Following the estate of beloved children’s book author Dr. Seuss on Tuesday—his birthday—deciding to cease the publication of half a dozen books for containing “racist” imagery, Universal Studios theme park in Orlando, Florida is reportedly “evaluating” in-park experiences at its Seuss Landing area.
MORE ON DR. SEUSS: 6 Dr. Seuss books will cease publication due to racial imagery, company says
Universal Orlando, Spectrum News reported Tuesday, said it is evaluating the in-park experiences in that area but visitors will still be able to enjoy Seuss Landing.
“Seuss Landing continues to be very popular with our guests and we value our relationship with Seuss Enterprises,” a Universal spokesperson said in a statement to Spectrum News. “We’ve removed the books from our shelves as they have asked and we’ll be evaluating our in-park experience too. But our guests can plan on continuing to be able to enjoy their favorite experiences at Seuss Landing.”
The Dr. Seuss-themed area of Universal’s Islands of Adventure theme park features attractions, sites, and characters inspired by the famed author’s colorful literary world.
Earlier on Tuesday, Dr. Seuss Enterprises, the company that manages the late author’s books and characters, issued a statement saying that it will stop publishing and licensing six of his books, saying they “portray people in ways that are hurtful and wrong.”
The six books named in the statement are: “And to Think That I Saw It on Mulberry Street”, “If I Ran the Zoo”, “McElligot’s Pool”, “On Beyond Zebra!”, “Scrambled Eggs Super!”, and “The Cat’s Quizzer”.
“Ceasing sales of these books is only part of our commitment and our broader plan to ensure Dr. Seuss Enterprise’s catalog represents and supports all communities and families,” the statement read.
MORE ON CHILDREN & CULTURE: It’s ‘Potato Head’ to you: Mr. Potato Head becomes gender-neutral, Hasbro says
You can follow Douglas Braff on Twitter @Douglas_P_Braff.
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Rep. Patrick McHenry Announces Retirement, Adding to Congressional Exodus
Rep. Patrick McHenry, R-N.C., has declared that he will not seek re-election, becoming the latest in a growing list of lawmakers departing from Congress. McHenry, a close ally of former House Speaker Kevin McCarthy, stated that he believes “there is a season for everything,” signaling the end of his tenure in the House. Having served since 2005, McHenry is the 37th member of Congress to announce they won’t seek re-election in 2024.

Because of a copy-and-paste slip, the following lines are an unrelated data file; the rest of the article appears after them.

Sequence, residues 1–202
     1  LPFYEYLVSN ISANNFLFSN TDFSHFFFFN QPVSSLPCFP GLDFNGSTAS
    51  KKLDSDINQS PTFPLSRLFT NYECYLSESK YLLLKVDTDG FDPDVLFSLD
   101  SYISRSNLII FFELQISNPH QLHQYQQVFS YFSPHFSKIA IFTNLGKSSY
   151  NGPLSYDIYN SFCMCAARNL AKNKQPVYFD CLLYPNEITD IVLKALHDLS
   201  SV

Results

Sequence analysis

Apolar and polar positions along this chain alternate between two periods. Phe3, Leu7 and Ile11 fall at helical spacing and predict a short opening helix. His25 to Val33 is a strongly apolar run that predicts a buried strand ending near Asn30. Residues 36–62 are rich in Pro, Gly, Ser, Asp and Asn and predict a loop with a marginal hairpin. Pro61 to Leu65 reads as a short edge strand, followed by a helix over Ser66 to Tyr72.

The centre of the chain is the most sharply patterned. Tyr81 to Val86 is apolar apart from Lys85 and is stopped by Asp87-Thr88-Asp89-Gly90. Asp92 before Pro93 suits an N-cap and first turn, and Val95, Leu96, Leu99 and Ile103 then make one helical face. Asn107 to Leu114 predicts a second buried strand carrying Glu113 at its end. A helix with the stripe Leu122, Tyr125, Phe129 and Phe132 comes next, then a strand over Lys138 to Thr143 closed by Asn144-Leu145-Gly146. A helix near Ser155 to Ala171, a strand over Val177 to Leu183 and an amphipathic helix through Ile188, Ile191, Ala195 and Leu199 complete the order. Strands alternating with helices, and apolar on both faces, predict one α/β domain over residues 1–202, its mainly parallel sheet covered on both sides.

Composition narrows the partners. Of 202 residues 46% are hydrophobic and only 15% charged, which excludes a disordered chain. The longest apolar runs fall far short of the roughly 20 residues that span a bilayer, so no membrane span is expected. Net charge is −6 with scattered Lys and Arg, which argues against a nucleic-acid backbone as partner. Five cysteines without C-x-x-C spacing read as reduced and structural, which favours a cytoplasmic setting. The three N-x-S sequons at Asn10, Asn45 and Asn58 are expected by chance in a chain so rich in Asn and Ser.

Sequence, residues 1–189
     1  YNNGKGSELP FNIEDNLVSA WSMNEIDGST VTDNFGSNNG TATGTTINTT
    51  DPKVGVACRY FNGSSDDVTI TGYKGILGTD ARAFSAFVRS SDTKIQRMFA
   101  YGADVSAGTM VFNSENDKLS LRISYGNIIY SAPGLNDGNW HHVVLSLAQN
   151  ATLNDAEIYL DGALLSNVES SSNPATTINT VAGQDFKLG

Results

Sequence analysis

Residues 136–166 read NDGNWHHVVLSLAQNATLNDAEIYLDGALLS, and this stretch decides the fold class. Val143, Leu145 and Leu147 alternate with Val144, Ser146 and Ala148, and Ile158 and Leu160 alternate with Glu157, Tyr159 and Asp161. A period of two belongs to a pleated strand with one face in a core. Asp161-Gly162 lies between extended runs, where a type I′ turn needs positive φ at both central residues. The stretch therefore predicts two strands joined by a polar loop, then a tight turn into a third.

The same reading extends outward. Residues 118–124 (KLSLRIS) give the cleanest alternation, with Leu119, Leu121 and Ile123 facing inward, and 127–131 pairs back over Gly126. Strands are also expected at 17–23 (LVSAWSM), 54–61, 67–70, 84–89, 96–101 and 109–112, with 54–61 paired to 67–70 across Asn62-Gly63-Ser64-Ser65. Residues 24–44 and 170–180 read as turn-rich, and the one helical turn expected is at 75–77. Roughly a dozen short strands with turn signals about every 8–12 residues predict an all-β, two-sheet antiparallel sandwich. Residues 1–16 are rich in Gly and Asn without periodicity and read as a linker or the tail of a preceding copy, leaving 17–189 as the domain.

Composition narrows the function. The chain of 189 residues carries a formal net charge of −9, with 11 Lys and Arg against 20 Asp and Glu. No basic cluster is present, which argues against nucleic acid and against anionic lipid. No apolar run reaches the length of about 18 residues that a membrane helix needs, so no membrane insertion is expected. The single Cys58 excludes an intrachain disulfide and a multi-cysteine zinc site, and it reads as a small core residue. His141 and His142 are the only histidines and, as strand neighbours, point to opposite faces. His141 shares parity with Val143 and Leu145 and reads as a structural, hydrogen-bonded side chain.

In a statement, McHenry reflected on the significance of the House of Representatives in the American political landscape, calling it the “center of our American republic.” He acknowledged the concerns about the future of the institution due to multiple departures but expressed confidence that new leaders would emerge and guide the House through its next phase.
The departure of McHenry and others comes against the backdrop of political shifts and challenges within the Republican Party. The GOP has faced setbacks in recent elections, including fallout from the Supreme Court’s decision to overturn Roe v. Wade.
Internal strife and disagreements, exemplified by the rebellion against McCarthy, have characterized the party’s dynamics. The GOP’s approval rating stands at 30%, with a disapproval rating of 66%, reflecting the challenges and divisions within the party.
As McHenry steps aside, questions loom over the fate of open seats in the upcoming election. The nonpartisan Cook Political Report identifies five open House seats as potential Democrat pickup opportunities, while none are listed for the GOP. The departures raise concerns about the party’s unity and ability to navigate the evolving political landscape.
With a total of 20 departing Democratic legislators and 10 Republicans, the changing composition of Congress adds complexity to the political dynamics leading up to the 2024 elections. As McHenry emphasizes a hopeful view of the House’s future, the evolving political landscape will determine the impact of these departures on the balance of power in Congress.
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